Monday, March 23, 2009

Examples (I)

Some interesting database/security/privacy concerns through examples (taken from various papers) and this is how new ideas for some interesting papers found:

A problem with k-anonymity:

Table 1
The above table shows a list of patient records. The following table shows the 3-anonymous version of the above table.

Table 2
Disease attribute is sensitive here. If a user knows some background information, she can infer sensitive attributes of patients. Suppose Alice knows that Bob is 25 years old and lives in ZIP 47625. She knows that Bob belongs to one of the first three records in table 2. Since all of them have the same disease, Alice can deduce that Bob has heart disease. l-diversity was introduced to overcome this problem where there are at least l distinct sensitive attributes for each equivalent class. Had the table 2 had the 2-diversity property, Alice would only be able to guess Bob's illness with only 0.5 probability. (Note: even l-diversity has issues. t-closeness was introduced to address one of such issues)

Table 3

Table 4

Table 4 shows the 3-diversity version of table 3. Here both salary and disease are sensitive attributes. Notice that each equivalent class has 3 distinct sensitive attributes.

Even when the sensitive attributes are different, if they are semantically similar (low salary range, some specific types of diseases, etc.), one can perform a similarity attack. For example, if one knows that Bob is one of the first three records, one can deduce that Bob's in low income range of 3K-5K and has a stomach related disease. To account for the semantically closeness of values (i.e. to prevent similarity attacks), t-closeness was introduced. (I leave it for you to read)

A problem with replacing non-disclosed values with NULL:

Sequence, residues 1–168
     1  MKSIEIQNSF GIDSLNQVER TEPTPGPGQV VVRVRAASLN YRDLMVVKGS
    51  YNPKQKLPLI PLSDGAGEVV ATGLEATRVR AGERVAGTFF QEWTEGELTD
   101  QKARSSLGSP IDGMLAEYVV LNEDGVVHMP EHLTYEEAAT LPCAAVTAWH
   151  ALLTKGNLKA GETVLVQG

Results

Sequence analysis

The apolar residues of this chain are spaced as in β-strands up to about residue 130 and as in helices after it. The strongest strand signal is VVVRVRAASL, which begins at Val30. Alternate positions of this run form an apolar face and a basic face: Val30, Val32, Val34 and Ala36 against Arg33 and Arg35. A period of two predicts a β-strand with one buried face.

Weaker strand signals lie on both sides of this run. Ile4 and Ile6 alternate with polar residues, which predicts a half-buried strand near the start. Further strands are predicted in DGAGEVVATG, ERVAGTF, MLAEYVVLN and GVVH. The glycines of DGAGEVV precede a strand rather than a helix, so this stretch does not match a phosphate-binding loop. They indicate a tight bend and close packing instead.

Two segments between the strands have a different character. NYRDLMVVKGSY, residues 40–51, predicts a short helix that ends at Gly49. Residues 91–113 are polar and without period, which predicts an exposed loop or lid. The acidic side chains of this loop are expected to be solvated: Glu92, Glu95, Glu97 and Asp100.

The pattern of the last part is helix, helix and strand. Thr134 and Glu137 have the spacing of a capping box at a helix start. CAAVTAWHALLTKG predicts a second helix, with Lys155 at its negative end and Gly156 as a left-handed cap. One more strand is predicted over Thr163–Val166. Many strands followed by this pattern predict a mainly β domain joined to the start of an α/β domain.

(a) show a customer table with attributes ID, name, age and phone number. (Y) and (N) indicate the users' content about disclosing those attribute values. For example, Linda and Mary don't mind disclosing everything, but Nick does not want the organization to disclose his age and phone number to any third party. It is common practice to replace (N) values with NULL before executing the query.

Q1: “SELECT name, phone FROM Customer”
Q2: “SELECT name, phone FROM Customer WHERE age >= 25"
Q = Q1 - Q2

Intuitively Q should return only those records with age < 25 as in (e). But to the contrary, it returns two results as in (d). Therefore, using NULL is not a sound solution. A variable based approach was introduced to solve this problem. (I leave it for you to read)

Zero-Knowledge Proof of Knowledge (ZKPK):

Discrete Logarithm Problem is hard to solve. We can use this hardness assumption to hide a secret.
(DLP: Given a generator g of a group of order p and c (which is calculated from g^x), find the value (i.e. x) that gives c)

If you can solve the problem, you can convince another party you possess a secret. How do you actually convince the party that you know the secret without revealing the secret?

Alice: I know the value x corresponding to c. (but I don't want to tell you x)
Bob: Show me.

Alice: Chooses a random y selected from Z_p and send g^y to Bob.
Bob: Send the challenge r selected from Z_p to Alice.

Alice: Computes s = y + r.x and sends s to Bob
Bob: Checks if g^s = g^y.c^r and is convinced that Alice knows x if those are equal.

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